Production margins remain tight as equity position rebuilds

rotary-dairy

The 2017 calendar year has started on a more positive note for the industry, but the overhanging issues from the events of 2016 will not be erased overnight.

The balance in global dairy supply and demand has improved markedly in recent months, while closer to home farmers are seeing some improvement in drivers of farm profitability, according to Dairy Australia’s February 2017 Situation and Outlook report.

International dairy commodity prices for most products are back above five year average levels and costs of major inputs continue to fall, with big grain and hay harvests bolstering supplies.

However, Dairy Australia Senior Analyst John Droppert said production margins remained tight or negative, and many farmers face a significant task rebuilding their equity position after the past 12 months.

“The 2017 calendar year has started on a more positive note for the industry, but the overhanging issues from the events of 2016 will not be erased overnight,” Mr Droppert said.

“Better seasonal and margin indicators are encouraging, but ongoing challenges surrounding confidence and trust remain big impositions for many farmers in southeast Australia. Improved farmgate profitability will help, and the current market settings look conducive to delivering this, albeit not without risk given the threats posed by resurgent supply growth internationally and broader political and economic disruption. It’s also important to acknowledge that in many domestic-focused regions, farmgate prices are coming under pressure, so these farmers are at a different stage in the cycle.”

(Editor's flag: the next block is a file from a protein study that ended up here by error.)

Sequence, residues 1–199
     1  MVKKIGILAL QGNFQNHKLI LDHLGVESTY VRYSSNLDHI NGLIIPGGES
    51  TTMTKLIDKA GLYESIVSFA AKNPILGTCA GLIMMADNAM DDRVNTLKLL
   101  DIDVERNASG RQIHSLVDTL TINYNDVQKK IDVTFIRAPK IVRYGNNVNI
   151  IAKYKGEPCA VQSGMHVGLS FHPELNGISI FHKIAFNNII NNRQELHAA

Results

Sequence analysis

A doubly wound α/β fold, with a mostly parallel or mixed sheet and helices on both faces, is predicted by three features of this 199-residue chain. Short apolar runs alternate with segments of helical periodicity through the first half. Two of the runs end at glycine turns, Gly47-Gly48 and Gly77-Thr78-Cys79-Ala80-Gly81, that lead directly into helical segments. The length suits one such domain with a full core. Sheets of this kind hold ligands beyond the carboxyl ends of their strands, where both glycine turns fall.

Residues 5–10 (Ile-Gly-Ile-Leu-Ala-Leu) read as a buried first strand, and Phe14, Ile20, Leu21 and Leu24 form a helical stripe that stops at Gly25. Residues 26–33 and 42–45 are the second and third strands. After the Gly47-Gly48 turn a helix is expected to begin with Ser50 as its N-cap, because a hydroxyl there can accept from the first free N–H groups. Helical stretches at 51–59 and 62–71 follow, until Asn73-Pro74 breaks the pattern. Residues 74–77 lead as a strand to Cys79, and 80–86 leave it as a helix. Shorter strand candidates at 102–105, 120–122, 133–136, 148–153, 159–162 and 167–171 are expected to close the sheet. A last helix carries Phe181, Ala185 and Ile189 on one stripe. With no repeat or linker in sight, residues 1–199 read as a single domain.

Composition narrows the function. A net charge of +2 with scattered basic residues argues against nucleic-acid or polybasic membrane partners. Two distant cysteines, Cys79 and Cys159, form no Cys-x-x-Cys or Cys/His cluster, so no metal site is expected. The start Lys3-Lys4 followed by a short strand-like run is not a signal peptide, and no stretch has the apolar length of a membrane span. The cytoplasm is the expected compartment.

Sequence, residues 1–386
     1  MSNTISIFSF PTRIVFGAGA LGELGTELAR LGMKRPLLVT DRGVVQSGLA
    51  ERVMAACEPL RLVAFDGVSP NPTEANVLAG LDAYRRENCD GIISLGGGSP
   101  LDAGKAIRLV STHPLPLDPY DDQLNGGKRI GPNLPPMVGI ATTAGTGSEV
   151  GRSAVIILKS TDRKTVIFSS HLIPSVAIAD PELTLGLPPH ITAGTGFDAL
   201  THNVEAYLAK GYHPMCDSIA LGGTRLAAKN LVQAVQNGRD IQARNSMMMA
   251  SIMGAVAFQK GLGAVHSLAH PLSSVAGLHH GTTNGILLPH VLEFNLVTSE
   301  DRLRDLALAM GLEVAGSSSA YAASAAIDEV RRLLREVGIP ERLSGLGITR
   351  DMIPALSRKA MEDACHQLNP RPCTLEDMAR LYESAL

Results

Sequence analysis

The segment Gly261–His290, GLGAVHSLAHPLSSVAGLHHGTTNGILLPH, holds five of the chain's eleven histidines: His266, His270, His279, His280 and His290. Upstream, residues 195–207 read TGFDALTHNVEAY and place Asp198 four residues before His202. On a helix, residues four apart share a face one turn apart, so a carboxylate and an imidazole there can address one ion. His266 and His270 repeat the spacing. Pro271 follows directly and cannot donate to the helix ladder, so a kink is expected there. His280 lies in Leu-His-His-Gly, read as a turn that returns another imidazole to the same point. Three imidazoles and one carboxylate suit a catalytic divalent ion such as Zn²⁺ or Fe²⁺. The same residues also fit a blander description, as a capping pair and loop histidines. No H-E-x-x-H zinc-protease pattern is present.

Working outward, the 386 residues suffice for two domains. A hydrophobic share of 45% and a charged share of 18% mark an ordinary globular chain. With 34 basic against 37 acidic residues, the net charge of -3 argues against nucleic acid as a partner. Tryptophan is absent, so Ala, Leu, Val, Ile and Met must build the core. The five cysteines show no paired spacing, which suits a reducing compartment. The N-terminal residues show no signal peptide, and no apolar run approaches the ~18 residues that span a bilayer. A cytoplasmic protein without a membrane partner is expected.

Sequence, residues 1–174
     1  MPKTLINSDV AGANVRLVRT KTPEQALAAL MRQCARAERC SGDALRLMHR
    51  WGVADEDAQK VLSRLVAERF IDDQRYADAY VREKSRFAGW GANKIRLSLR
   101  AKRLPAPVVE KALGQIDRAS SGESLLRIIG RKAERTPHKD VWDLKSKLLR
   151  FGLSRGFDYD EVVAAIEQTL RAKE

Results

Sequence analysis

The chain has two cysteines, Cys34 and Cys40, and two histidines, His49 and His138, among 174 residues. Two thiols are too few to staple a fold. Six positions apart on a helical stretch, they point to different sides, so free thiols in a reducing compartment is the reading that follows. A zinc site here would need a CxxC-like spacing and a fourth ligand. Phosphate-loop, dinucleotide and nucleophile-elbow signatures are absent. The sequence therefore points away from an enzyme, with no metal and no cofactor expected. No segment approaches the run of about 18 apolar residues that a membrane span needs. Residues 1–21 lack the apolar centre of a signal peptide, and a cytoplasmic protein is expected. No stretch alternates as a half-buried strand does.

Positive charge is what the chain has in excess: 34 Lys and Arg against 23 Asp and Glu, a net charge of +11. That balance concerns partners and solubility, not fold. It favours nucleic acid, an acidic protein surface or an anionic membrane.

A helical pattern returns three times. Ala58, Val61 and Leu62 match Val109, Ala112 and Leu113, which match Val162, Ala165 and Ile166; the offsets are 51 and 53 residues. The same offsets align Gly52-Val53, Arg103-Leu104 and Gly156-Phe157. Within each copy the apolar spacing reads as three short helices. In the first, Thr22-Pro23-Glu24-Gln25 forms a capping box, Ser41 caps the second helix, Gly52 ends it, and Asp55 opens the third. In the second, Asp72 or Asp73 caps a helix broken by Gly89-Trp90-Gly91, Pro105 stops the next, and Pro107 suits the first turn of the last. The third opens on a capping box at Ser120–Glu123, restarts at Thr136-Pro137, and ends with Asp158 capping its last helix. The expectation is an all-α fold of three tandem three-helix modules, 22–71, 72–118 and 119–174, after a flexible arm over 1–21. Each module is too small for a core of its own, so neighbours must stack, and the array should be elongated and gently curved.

The year on year drop in Australia’s milk production has moderated, from over 10% for the first four months, to 8.5% for the July to December period. Dairy Australia expects this gap will narrow further but remain significant, forecasting full season production to be down 6-8% on the 2015-16 total of 9.5 billion litres.

In the wider international market, the balance between supply and demand pressures is keeping commodity prices stable in the short term, after a steady recovery during the second half of 2016.

“Sentiment drove the recovery, and the fundamentals have since caught up,” Mr Droppert said. “The question is: what next? A period of consolidation around current commodity pricing seems likely.”

The global milk supply picture remains cautiously positive for sellers, with only the US currently showing growth amongst the major exporters. New Zealand and the EU warrant close watching, but for now, milk flows in both regions are likely to remain constrained.

Global dairy demand presents a mixed, but overall positive picture. The volume of dairy products traded over the past twelve months to the end of October 2016 rose by just over 7%, with a recovery in demand from Greater China accounting for around a third of that growth.

“The value of global exports was down by 14% though, with falls across all major markets except Greater China, reflecting the lower global prices for key dairy commodities for much of the year,” Mr Droppert said.

Domestically, dairy sales in the Australian supermarket channel outgrew the rate of population increase (1.4%) for each of the major categories except yoghurt, according to the most recent data. Total liquid milk sales volumes grew by 2.4% to 1,372 million litres over the 12 months to January.

-Dairy Australia

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